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"It's not important that I'm not on the bench."

Is it the same as saying: "It is important that I'm on the bench".

?

closed as off-topic by jobermark, Dave, jeroenk, Mitch, Conifold Sep 30 '16 at 17:33

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    It depends on the underlying logic of the "modifier" : important... "It's not important that I'm not on the bench" is clearly the negation of "It's important that I'm not on the bench." And the negation of "It is important that I'm on the bench" is clearly : "It is not important that I'm on the bench". – Mauro ALLEGRANZA Sep 27 '16 at 13:40
  • Now the issue is : are "It's important that I'm not on the bench" and "It is not important that I'm on the bench" the same ? – Mauro ALLEGRANZA Sep 27 '16 at 13:40
  • Compare with : "There exists a not even number" with "Does not exist an even number". – Mauro ALLEGRANZA Sep 27 '16 at 13:42
  • @MauroALLEGRANZA I'm inclined to say that "it's important that I'm not on the bench" IS NOT the same thing as "it's not important that I'm on the bench". I think intention, or intentionality seems to play a role here. On the first case, we are saying: "the fact that I'm not on the bench, is an important feature". (being on the bench has a meaning to me). On the other case, I'm saying a different thing, I'm saying that being on the bench has not a particular important meaning to me). My question is: is the "meaning" important for logic evaluation? – m3m Sep 27 '16 at 14:03
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    I'm voting to close this question as off-topic because it belongs in one of the Stack Exchanges about grammar and grammatical terminology EL&U or ELL – jobermark Sep 27 '16 at 18:37
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Consider the situation where it is of no importance whatsever whether I am on the bench or not. In that case

"It's not important that I'm not on the bench."
"It's not important that I'm on the bench."

are both true. And

"It's important that I'm on the bench."

is false.

There is one statement about my location - on the bench or not. There's another statement about the importance of the first fact. There is no reason why these would be related. Or take a company trying to hire a new employee:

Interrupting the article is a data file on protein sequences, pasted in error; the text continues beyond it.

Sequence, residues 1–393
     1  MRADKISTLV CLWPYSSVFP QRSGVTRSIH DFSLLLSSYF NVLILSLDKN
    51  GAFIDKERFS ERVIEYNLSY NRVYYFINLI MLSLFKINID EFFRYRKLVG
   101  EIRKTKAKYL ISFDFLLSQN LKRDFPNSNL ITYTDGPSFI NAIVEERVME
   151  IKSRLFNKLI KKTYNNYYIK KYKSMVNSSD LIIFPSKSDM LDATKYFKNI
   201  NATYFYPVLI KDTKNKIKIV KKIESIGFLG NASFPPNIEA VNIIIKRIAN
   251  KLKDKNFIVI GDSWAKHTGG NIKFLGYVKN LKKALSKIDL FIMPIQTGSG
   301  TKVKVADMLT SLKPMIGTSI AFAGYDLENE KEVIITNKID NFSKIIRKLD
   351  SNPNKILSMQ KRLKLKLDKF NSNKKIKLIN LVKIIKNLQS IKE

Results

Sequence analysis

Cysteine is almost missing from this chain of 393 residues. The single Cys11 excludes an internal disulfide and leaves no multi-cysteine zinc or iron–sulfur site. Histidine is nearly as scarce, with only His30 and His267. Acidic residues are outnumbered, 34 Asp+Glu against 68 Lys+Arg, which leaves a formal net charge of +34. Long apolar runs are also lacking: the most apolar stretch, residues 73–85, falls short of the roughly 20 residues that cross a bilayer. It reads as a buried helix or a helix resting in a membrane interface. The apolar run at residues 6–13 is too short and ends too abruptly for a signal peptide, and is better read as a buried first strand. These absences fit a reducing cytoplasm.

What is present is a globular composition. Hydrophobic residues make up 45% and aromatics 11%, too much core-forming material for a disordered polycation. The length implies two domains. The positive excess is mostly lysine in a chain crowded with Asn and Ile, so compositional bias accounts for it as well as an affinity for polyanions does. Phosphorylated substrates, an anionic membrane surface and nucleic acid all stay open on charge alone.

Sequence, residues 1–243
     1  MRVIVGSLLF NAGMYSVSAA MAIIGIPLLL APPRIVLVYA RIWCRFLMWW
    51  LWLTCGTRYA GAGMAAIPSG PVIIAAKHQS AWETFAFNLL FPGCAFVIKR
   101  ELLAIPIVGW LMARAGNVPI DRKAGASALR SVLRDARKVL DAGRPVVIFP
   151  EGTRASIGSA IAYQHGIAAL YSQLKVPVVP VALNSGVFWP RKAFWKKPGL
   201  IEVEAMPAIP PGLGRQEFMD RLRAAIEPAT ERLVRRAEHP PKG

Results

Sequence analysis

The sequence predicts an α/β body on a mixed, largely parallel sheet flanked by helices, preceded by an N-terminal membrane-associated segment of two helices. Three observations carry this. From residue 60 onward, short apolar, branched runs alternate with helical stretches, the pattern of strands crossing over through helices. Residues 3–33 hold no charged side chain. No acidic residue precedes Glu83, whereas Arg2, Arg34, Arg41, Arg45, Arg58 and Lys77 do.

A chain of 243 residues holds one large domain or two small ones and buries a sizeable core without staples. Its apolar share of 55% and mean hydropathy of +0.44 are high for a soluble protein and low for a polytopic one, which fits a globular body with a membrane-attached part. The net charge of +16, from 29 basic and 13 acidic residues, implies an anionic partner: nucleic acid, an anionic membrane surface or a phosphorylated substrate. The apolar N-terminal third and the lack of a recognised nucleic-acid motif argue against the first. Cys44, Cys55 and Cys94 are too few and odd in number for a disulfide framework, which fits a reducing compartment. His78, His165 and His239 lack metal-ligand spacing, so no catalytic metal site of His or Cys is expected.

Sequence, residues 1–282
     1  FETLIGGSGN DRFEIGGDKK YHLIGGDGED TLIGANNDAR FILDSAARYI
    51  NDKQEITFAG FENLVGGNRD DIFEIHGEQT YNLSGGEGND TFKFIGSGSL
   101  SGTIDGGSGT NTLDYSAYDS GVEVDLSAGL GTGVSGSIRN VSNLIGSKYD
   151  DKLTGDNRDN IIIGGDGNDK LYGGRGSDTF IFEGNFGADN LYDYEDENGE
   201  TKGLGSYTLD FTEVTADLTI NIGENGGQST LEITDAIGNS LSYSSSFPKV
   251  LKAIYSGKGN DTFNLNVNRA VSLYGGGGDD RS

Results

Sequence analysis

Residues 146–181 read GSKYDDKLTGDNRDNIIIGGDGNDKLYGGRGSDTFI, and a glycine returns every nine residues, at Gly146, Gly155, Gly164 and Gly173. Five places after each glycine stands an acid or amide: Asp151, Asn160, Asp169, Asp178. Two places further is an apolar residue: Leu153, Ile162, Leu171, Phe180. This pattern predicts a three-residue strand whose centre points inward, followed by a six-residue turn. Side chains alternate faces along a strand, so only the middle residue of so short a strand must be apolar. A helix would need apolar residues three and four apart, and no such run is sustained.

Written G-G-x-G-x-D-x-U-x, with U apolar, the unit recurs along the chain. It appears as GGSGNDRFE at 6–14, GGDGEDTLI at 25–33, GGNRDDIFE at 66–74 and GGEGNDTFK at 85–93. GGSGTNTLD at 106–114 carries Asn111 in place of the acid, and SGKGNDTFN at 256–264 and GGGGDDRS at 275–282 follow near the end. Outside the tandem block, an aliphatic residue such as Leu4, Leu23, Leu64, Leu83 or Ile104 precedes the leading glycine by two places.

"It's important that the new employee is honest". 
"It's not important that the new employee is dishonest". 

If heard the first being said, I've never heard the second.

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It's not double negation because the two not's are applied to different clauses within the sentence.

I break this sentence up as:

(It is not important) that (I am not on the bench)

here "that" is playing the role of (sort of) a conjunction connecting the subjective feeling/impression first clause with the state of the world that feeling/impression relates to. This is a pretty common usage pattern.

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    By definition of double negation, that's what I though. But it's not clear to me what are those clauses. Can you please point them out, as a) and b), so that I be more clear about it? – m3m Sep 27 '16 at 14:36
  • double negation is "not (not P(x))". your example is "not P (not Q (x))". Not double negation. – user20153 Sep 27 '16 at 19:57
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    This is basically correct, but I'd like just to point out that 'it is important that' does not have the form of a connective but rather is much closer to operators such as 'it is possible that'. – Eliran Sep 28 '16 at 10:38
  • This answer is way off the mark. "That" is certainly not playing the role of conjunction. @EliranH has the right idea. "It's important that..." is a modal operator, not a truth functional connective. – user22273 Sep 30 '16 at 4:13
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double negation is "not (not P (x))". your example is "not P (not Q (x))". Not double neg.

  • Thank you. I would upvote it. Because it helped. But I don't have enough reputation. – m3m Sep 28 '16 at 8:01

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